Slimming pens can prematurely age your face

How many injections will you endure to preserve the structural integrity of your face and butt? For a certain segment of the top 1% of the American population, the sky is the limit.

After giving birth to her first child at age 41, Jennifer Berger struggled to shed the last ten pounds of the 22 pounds she gained during her high-risk pregnancy. “I was doing weights and cardio three to five times a week, watching everything I ate, and I still couldn’t get rid of those last few extra pounds,” says Berger, who works in fashion merchandising in New York.

Not knowing what else to do, she saw a doctor who suggested tirzepatide, sold under the trade name Mounjaro in the United States. It is a new diabetes drug approved by the FDA (US Food and Pharmaceutical Regulatory Agency) in May 2022. The substance regulates blood sugar, suppresses appetite and, if we believe the discreet reports exchanged recently in a beauty salon, it makes the extra kilos disappear as if by magic.

“Everyone uses Mounjaro or wants to figure out how to get it,” says New York dermatologist Paul Jarrod Frank. “Since Viagra hit the market, we haven’t seen a prescription drug generate so much hype.”

Applied weekly, the injection works in a similar way to semaglutides like Wegovy and Ozempic, this is the drug that, according to unconfirmed rumors, helped Kim Kardashian fit into the skintight Marilyn Monroe-esque gown she wore to the Met Gala. Kardashian has denied these rumors.

In recent months these drugs have been prescribed so frequently for purposes that are not included in their package inserts that they are starting to run out on the market, preventing some diabetics and the obese from accessing the drugs they depend on.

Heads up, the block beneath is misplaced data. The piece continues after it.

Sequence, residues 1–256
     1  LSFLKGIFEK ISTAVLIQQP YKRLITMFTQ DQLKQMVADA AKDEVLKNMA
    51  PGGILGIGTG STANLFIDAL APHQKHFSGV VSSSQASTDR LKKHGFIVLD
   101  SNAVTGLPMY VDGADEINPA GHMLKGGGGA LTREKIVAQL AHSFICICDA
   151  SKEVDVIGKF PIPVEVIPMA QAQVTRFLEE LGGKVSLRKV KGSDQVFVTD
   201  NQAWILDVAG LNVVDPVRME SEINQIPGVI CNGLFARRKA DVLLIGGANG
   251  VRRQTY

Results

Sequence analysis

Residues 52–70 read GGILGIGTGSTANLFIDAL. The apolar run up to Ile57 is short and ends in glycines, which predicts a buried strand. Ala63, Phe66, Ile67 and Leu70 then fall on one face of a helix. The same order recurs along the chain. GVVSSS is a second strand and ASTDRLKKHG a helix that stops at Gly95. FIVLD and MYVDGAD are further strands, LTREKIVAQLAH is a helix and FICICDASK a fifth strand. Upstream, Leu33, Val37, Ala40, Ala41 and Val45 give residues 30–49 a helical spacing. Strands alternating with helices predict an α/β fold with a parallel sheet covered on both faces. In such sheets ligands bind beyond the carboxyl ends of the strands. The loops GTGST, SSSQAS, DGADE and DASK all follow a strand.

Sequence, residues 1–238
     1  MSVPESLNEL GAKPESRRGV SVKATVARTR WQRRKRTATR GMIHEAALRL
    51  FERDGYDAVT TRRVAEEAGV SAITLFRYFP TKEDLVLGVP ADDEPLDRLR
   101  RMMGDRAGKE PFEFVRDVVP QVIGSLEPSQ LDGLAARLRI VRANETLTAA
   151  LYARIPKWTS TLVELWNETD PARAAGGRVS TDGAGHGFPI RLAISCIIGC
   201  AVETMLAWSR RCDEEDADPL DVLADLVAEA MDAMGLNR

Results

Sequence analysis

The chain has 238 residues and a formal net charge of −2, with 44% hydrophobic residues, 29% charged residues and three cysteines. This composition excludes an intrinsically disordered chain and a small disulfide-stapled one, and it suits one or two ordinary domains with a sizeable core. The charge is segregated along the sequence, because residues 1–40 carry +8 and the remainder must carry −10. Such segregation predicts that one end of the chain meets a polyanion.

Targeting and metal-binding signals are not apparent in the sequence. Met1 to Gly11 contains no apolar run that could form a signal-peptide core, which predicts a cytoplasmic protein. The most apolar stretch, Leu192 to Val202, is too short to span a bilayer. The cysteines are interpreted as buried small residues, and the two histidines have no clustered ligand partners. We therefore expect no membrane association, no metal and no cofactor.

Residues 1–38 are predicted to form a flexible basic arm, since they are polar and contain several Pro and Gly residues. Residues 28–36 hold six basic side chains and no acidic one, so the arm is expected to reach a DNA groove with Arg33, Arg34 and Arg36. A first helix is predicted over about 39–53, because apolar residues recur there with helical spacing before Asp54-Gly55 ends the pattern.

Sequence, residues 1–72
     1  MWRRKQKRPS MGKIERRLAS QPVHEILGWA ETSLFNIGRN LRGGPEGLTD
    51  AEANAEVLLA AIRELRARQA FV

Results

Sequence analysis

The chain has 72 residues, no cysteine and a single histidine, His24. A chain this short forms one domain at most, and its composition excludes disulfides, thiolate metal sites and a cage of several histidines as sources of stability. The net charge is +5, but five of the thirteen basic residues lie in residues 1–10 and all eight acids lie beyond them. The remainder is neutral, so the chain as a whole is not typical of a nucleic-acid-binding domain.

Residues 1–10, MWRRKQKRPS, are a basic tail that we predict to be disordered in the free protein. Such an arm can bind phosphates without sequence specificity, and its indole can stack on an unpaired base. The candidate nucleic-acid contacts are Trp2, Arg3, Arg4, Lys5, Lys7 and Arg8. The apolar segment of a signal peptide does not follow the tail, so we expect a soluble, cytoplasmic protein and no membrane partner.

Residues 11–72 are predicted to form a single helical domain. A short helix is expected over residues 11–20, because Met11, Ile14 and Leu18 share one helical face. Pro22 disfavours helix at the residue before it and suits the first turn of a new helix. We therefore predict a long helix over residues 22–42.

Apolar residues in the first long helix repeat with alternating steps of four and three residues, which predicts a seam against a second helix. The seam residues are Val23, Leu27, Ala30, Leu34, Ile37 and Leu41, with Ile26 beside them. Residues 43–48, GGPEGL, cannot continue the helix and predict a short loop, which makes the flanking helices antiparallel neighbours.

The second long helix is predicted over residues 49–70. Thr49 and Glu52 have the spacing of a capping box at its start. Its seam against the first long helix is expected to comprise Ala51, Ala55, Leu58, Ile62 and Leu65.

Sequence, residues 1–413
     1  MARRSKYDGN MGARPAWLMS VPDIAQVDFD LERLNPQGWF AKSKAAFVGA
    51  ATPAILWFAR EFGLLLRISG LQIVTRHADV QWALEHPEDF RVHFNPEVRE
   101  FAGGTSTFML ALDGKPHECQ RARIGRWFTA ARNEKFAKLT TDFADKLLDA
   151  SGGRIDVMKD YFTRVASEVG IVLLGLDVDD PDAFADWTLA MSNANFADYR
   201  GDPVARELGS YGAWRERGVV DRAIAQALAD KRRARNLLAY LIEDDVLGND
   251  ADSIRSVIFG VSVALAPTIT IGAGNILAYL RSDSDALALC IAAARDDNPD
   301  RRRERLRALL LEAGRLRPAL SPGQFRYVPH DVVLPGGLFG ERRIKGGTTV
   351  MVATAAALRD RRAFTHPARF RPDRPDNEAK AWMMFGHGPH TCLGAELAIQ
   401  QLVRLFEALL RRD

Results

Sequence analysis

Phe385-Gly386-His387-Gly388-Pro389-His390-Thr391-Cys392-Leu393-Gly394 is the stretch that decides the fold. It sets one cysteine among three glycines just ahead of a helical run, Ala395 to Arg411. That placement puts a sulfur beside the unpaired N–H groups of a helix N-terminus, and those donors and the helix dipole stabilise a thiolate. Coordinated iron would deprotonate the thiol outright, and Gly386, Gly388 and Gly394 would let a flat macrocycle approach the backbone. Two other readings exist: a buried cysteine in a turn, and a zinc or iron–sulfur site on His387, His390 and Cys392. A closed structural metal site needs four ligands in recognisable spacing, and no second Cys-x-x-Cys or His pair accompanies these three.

Many doctors fear that the recent popularity of these products, fueled in part by social media, is driving people to take them without medical supervision. This is risky, considering the possibility of rare but serious side effects like thyroid cancer, pancreatitis, and kidney failure. And drugs like Ozempic can also cause less severe but still debilitating symptoms, including nausea, vomiting, and a rapid heart rate, as many TikTok videos attest (see #ozempic).

Some of the side effects “are extremely rare when the drug is prescribed at the correct dose and used with close medical supervision,” says New York endocrinologist Rocio Salas-Whalen, who says he prescribed this family of drugs and their predecessors a more than 8,000 patients since 2005.

“Mounjaro is like the Apple 14 of these drugs,” says Salas-Whalen, who hasn’t treated Berger. The endocrinologist said the drug has the same power to control blood sugar as Wegovy and Ozempic, but that among his patients he has seen “almost double the weight loss and almost none of the side effects.”

The FDA reported that in its clinical trials, conducted with diabetics, patients who used Mounjaro lost an average of six pounds more than those who took drugs like Ozempic. Salas-Whalen, who previously worked for Wegovy and Ozempic maker Novo Nordisk, says he has seen similar results in non-diabetic patients.

Mounjaro may seem like the closest thing to a safe weight loss solution since bariatric surgery was first performed in 1954, but it’s not without its risks. The drug package contains a black label, which warns of the possibility of thyroid C-cell tumors. Like the first generation of these drugs, Mounjaro increased the risk of a rare type of thyroid cancer called medullary thyroid carcinoma in rodent studies.